This is also true of education. Books used to be rare and expensive and only began to become more available with the printing press. While books are widely available today, publishing is still an expensive and risky venture and many academic textbooks cost a lot of money. Even with the wide availability of books and high literacy rates, the average person still won’t read more than they have to. I am not saying that because you read, you’re smart. This really depends on what you read and other variables, All this is just to show that giving everyone an education was once unfeasible due to the technological and resource limitations of the time.

What is also missing when considering nobility and the peasantry was the system of obligations. The nobility had comfort but they also lived a in highly structured culture with a multitude of expectations. It is true that many could choose instead to become wastrels, but whenever this was widespread, it was a sign of the end of that society. It also didn’t mean that peasants couldn’t themselves be quite idle.

At the time of writing, I am reading a biography of Saint Thomas More who was born into the highest levels of his society and who literally had the ear of the king. My childhood and life thus far has been far more comfortable and that is even so when adjusting for the comforts brought from technological progress. From a young age he was at school from twelve hours a day and had to become fluent in multiple languages. Even though he was a brilliant student, his life would not have been all comfort and I mused while reading on how well I would have been able to cope with it.

As a bit of an aside, I think people only find their state in life uncomfortable when they know there is something far less comfortable within easy reach. If you don’t know any better you won’t crave for what you don’t know. So while I would hate to be put into the living conditions of a medieval peasant, this is mostly because I have lived with far more comfort for my entire life. I know there are people that are more comfortable (particularly financially), but because I view that as out of reach, it doesn’t bother me on a day to day basis.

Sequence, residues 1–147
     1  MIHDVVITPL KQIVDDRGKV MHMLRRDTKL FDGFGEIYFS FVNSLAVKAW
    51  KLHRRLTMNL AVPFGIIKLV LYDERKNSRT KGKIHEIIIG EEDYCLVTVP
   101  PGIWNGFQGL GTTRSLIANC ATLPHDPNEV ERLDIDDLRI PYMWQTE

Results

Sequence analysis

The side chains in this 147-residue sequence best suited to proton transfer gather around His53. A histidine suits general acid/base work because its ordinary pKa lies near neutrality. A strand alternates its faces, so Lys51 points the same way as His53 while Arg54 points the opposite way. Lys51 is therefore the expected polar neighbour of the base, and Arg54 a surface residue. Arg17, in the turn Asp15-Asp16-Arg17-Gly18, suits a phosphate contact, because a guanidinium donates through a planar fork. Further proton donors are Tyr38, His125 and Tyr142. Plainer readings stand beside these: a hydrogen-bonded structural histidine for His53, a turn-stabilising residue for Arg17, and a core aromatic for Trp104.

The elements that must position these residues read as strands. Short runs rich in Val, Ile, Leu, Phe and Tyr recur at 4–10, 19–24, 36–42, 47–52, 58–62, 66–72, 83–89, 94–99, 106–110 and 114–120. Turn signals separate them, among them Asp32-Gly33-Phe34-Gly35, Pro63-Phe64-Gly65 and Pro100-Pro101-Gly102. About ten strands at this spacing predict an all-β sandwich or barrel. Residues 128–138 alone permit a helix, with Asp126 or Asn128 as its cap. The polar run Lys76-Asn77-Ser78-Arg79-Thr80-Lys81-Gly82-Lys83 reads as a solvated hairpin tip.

So to sum up what I’ve been rambling through up until now, I think the problem with looking at the negatives of the previously more hierarchical societies is that we focus on the vast technological and resource disparity between our society and those of the past. One could argue that part of the reason for this disparity is due to the same structure but I don’t necessarily think this holds true. Far more authoritarian countries have managed to adopt the same technology in much of their respective societies for a start. I think that is a discussion for a separate post.

One more thing is that despite the supposed lack of hierarchy in our society, there are still families and groups that tend to dominate the higher reaches of society and significant barriers to reaching those heights. They might not be quite as hard to penetrate as they were, but they still exist nonetheless.

So there is an argument given in particular the moral decline that exists for restoring these old arrangements though how this is to be done is not something I would want to consider. Such things can not be realistically planned or arranged and come more organically through a mixture of the will, competence and (yes), ruthlessness of different groups and persons. And when considering this, I am by no means assuming that I would be included among the elite. Far from it as I certainly don’t have the ambition nor I believe the competence to be in such a position.

I would be quite content in a position where my natural advantages are utilised and my path in life is sure than in the chaos we live in. I want to add also that I’d be willing to sacrifice some of my comfort for this to happen. I am conscious that this is easier said than done though.